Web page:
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Key to ‘08 — Appealing to Middle; Holding on to Party’s Base

Posted by GayPatriotWest at 8:50 pm - January 24, 2007.
Filed under: 2008 Presidential Politics,National Politics

With Hillary Clinton and New Mexico Governor Bill Richardson indicating their intentions to run for president in recent days, I have been thinking a bit about their chances. While noting Mrs. Clinton’s missteps, Dick Morris thinks that if she gets “used to the pace of politics in 2007,” she has a good shot of becoming the nation’s next chief executive. Ed Morrissey thinks that “Richardson could be ’08’s most dangerous candidate” (Via Instapundit).

Noting Richardson’s experience as U.S. Ambassador to the UN as well as a governor of a state, Morrissey believes he’ll be formidable candidate. Not only that. Richardson worked “with President Bill Clinton on bolstering the party’s credibility with centrist voters.” That line made me realize that success in 2008 may well depend on a candidate moving to the middle without losing his party’s base — as Clinton did in 1992.

Given that the past two presidents (either by design or default) have been polarizing figures, I think the American people will opt for a less divisive candidate next year. That attitude could really help Richardson. Whenever I see him on TV (he frequently appears on FoxNews), he comes across as a level-headed man of the center-left, occasionally willing to praise the president, never baiting, always civil in tone. He seems to prefer argument to attacks.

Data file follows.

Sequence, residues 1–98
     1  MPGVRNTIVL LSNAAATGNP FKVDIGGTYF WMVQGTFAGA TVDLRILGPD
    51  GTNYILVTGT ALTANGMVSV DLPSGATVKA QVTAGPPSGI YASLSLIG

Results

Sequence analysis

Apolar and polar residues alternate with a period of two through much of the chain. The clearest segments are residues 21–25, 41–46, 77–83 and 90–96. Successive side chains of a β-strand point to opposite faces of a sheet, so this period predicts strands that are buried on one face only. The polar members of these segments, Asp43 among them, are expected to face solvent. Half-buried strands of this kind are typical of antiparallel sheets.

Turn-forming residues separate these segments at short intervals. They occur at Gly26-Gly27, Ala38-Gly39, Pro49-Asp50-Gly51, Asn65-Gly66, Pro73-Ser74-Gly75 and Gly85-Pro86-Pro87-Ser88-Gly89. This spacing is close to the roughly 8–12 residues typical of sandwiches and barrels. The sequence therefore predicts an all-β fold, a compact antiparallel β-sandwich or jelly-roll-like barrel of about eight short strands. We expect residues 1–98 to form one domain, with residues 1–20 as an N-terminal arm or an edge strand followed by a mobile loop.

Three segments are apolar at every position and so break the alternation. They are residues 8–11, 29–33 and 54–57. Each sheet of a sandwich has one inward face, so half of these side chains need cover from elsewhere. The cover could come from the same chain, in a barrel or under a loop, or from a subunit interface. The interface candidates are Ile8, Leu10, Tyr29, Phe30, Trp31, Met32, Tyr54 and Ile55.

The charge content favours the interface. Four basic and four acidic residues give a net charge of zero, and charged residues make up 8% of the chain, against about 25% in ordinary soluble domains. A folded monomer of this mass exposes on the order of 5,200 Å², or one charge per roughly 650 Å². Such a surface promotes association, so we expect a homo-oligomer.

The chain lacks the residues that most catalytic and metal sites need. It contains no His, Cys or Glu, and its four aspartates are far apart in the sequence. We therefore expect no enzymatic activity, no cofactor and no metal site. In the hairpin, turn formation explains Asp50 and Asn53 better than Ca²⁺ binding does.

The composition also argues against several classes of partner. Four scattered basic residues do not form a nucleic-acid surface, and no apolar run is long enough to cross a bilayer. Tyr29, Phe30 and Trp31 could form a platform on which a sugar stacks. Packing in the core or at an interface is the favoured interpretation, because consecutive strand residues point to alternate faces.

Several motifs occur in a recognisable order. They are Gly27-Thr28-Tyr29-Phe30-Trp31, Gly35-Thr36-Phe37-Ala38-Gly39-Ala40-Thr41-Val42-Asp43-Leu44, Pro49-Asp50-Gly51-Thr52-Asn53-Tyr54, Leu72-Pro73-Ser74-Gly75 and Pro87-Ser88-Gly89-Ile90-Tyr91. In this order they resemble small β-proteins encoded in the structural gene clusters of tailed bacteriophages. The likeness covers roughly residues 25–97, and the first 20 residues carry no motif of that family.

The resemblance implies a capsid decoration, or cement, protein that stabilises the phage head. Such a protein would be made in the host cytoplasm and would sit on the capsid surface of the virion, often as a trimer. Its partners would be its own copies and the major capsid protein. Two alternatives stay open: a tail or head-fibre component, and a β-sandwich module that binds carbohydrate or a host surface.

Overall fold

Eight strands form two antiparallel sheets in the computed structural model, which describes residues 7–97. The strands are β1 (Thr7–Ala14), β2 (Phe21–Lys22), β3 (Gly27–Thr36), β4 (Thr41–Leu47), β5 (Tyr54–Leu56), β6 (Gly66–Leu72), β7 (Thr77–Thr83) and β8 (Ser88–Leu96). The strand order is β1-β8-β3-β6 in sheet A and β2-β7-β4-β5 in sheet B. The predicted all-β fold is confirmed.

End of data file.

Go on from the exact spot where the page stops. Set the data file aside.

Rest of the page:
But, will his reasonable attitude sit well with Democratic primary voters?

By the same token, should my man Rudy prevail in the GOP primaries, he’ll be a strong candidate for the general election. A Republican Mayor of one of the nation’s most liberal cities, he has shown the capacity to reach out beyond his partisan base. But, he’s going to have a challenge winning over that base.

Let’s hope that the next president will be better able to unite the nation. And that one party, preferably the GOP, can choose a candidate who can hold on to his party’s base and reach beyond it.

NGLTF on SOTU — once again showing its leftist stripes

Posted by GayPatriotWest at 8:25 pm - January 24, 2007.
Filed under: Gay Politics,Gays in Other Lands

In his statement criticizing the President’s State of the Union address last night, National Gay and Lesbian Task Force (NGLTF) Executive Director mentioned only one gay issue, pleased that the president “chose not to lobby for a federal constitutional amendment” defining marriage. Instead, he reserved his vitriol for the president’s continued support for the war in Iraq, saying, “The nightmare in the Middle East continues unabated.

Um, Matt, while things may not now be hunky-dory in Iraq, if we pull out now, that nation will come under the dominance of Iran where things are bad all around, particularly for gay men who are routinely hanged merely for being gay.